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date: 21 August 2019

Abstract and Keywords

To be autonomous is to be governed in one's actions (or life as a whole) by values, principles, or reflections that are truly one's own, to be one's own person, as opposed to being guided by external, manipulative, or alien forces. This chapter examines the concept of autonomy in western moral philosophy, beginning with a discussion of ancient philosophy to illustrate how autonomy is in many ways a modern idea. It then reviews contemporary debates about autonomy set against a backdrop of historical traditions that do not always place self-government at the centre of moral value, and considers some controversies in the more recent literature on autonomy in moral philosophy. The chapter concludes with a consideration of how that notion functions in social and political thought.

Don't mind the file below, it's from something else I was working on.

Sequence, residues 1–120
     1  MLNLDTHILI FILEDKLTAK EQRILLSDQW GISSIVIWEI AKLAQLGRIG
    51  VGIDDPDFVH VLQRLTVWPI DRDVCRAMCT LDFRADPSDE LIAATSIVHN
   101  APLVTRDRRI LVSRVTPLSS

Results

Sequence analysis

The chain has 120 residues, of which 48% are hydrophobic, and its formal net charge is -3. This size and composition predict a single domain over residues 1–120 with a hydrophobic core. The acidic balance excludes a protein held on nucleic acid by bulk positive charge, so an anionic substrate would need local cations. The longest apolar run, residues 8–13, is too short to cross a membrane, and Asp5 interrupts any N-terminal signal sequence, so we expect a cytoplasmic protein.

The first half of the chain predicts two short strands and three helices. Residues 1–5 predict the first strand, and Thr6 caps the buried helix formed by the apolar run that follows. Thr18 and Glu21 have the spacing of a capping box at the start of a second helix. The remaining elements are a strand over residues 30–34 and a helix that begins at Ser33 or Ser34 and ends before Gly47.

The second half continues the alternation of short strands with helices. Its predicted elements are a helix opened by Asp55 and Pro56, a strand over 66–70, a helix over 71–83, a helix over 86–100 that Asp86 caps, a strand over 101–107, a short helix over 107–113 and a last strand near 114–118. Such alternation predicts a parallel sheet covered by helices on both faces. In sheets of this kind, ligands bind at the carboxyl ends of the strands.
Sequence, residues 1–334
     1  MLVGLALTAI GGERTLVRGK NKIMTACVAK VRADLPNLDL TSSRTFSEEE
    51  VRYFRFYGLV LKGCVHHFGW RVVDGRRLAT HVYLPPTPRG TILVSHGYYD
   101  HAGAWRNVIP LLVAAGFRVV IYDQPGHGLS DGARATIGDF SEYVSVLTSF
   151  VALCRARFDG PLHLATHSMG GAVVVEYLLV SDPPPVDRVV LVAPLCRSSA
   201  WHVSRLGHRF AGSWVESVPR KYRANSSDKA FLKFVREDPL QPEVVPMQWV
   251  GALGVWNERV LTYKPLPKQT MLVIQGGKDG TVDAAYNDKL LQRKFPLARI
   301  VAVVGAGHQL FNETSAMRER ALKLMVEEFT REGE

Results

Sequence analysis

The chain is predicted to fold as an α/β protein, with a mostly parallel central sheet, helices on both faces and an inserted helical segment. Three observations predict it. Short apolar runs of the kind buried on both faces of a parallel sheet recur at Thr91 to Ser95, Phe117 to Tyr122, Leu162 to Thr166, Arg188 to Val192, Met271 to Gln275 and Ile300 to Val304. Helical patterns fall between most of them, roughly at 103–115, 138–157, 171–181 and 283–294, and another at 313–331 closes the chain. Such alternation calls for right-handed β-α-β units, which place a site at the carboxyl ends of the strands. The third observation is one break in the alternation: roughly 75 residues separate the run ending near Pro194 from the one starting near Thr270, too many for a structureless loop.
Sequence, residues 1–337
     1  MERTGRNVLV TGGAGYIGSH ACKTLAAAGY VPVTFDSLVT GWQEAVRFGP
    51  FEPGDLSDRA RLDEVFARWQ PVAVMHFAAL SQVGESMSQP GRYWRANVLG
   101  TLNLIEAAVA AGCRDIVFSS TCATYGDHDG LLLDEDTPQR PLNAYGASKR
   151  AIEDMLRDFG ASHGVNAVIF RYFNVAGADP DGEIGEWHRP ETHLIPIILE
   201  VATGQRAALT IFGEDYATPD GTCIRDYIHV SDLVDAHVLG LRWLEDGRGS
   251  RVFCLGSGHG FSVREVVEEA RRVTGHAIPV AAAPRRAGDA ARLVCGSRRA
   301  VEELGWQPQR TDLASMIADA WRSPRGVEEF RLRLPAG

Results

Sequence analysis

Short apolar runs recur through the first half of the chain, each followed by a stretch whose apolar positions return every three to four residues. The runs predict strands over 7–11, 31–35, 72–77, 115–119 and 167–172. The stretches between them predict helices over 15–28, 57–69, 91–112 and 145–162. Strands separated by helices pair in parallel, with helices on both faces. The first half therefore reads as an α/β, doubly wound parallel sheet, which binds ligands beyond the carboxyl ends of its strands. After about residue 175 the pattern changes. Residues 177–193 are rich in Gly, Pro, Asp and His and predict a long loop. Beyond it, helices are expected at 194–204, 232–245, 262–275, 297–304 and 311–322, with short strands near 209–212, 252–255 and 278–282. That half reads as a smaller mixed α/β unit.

Keywords: moral philosophy, self-government, moral value, social thought, political thought

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